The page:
A decision support tool for grazing management has been developed in the form of computing calculation sheets. Its utilisation is illustrated by initiation of a rotational grazing system on the farm of l’Abbaye in Sorens in 2003. Planning was based on grass-growth references for pastures with a yield potential of 9,5 t DM/ha/year and on the hypothesis of 16 kg DM/cow/day grass-intake. Calculated surface needs were used to set up a provisional calendar of utilisation for the 20 paddocks. During the season, grass-height has been measured every 2 to 4 weeks. These measurements have been converted in grass-mass (measured farm cover) using grass-density and target grass-height values. Grass-growth was measured on small plots and grass-intake was assessed. Measured farm cover evolution has been put in relation with the balance between forage supply and nutrient demand (calculated farm cover). This comparison allowed to verify the start hypothesis and to quantify the forage resources. Due to the drought, the effective yield was assessed to 8 t DM/ha/year with a forage intake of 7,5 t DM/ha/year. Despite low forage losses (6% for the whole season), period by period analyse shows improvement possibilities to grazing management. In particular, this model brings light to the importance of practising high grazing pressure in spring and of arranging enough reserve paddocks during the summer. It also gives a frame for assessing the forage supply and for facilitating decision during the season.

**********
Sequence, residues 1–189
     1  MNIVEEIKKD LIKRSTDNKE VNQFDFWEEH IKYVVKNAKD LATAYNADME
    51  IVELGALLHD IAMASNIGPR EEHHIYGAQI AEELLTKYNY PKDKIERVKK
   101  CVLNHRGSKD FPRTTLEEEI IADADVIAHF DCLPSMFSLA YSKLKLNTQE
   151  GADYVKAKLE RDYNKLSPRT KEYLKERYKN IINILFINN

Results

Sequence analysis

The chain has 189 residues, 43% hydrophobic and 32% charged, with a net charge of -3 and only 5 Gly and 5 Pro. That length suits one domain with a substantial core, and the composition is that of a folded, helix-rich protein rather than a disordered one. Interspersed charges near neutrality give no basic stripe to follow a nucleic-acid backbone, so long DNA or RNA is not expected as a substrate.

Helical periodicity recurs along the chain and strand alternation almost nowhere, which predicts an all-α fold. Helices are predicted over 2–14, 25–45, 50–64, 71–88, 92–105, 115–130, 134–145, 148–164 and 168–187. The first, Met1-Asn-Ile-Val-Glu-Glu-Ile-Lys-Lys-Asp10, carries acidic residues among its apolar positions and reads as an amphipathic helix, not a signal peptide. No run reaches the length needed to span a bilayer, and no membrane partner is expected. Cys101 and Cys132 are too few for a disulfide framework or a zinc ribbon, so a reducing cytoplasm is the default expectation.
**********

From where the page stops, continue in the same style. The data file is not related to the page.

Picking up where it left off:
Herholz C., Siegwart J., Bruckmaier R.M., Rytz E., Lamon I., Muhr M. und Stirnimann R.
In both sport and alternative agriculture, horses are once again being used as draught animals. Efficient power transmission plays an important role in the wellbeing of draught horses.
A study by Vetsuisse shows that the outdoor veal calf concept reduces antibiotic consumption in calf fattening by 80%. AGRIDEA has examined the economic viability of outdoor veal calf production and concludes that it cannot compete with conventional veal calf fattening.
In contrast to pigs, dairy cattle are as yet rarely fed protein-reduced diets. Studies show that there is also potential for protein savings in cattle, and thus for reducing ammonia emissions.